Featured image credit: Brexit, by TeroVesalainen, under a CC0 licence.

Fiscal consolidation

In the wake of the Global crisis, the UK coalition government brought in wide-ranging austerity measures to reduce government spending and the fiscal deficit. At the level of local authorities, spending per person fell by 23.4 per cent in real terms, on average, from 2009/10 until 2014/15. But the extent of total fiscal cuts varied dramatically across local authorities, ranging from 46.3 per cent to 6.2 per cent. It is important to note though that fiscal cuts were mainly implemented as de-facto proportionate reductions in grants across all local authorities. This setup implies that reliance on central government grants is ultimately a measure of deprivation, with the poorest local authorities being more likely to be hit by the cuts.

This makes it impossible to separate the effect of deprivation as such from the fiscal cuts (which hit those areas that were more deprived to begin with) when studying the ‘Vote leave’ support, and still very challenging when working with a sample capturing anti-EU sentiment over time across local authorities in the UK. With this caveat on the interpretation in mind, our results suggest that local authorities experiencing more fiscal cuts were more likely to vote in favour of leaving the EU. Given the nexus between fiscal cuts and local deprivation, we think that this pattern largely reflects pre-existing deprivation.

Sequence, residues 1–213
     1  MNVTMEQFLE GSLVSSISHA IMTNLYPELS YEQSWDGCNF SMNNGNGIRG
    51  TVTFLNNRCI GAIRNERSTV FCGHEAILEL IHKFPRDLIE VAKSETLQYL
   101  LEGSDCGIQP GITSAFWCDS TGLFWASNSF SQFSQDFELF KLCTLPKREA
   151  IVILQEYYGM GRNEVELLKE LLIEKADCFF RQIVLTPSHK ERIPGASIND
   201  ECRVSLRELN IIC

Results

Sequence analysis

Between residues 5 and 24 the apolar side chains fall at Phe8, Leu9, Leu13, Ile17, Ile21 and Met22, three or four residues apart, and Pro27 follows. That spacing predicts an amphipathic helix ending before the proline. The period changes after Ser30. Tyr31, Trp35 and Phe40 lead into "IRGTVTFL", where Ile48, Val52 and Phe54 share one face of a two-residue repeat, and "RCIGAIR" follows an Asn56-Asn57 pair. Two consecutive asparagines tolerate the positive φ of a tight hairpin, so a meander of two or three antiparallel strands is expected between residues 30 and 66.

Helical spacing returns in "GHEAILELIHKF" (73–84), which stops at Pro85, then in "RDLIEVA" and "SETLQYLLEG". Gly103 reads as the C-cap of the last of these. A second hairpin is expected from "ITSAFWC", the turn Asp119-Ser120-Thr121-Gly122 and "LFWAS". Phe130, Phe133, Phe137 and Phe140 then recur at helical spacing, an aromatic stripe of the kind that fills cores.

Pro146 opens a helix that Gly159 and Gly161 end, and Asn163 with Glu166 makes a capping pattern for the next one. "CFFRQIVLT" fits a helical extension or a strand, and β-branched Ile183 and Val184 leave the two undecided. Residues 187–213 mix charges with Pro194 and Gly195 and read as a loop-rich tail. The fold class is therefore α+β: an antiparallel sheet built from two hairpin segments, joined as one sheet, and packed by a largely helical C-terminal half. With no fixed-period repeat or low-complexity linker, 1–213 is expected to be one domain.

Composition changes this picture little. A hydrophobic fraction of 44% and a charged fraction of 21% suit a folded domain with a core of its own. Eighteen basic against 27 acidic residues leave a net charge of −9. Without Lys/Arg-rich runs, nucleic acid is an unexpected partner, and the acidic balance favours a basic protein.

UKIP and Brexit support

Our results indicate that electoral preferences as measured by the 2014 European parliamentary elections are strongly correlated with the Vote Leave share. In statistical terms, almost 92 per cent of the variation in the support for leave across local authority areas can be explained by the variation in vote shares for the 2014 European Parliament elections.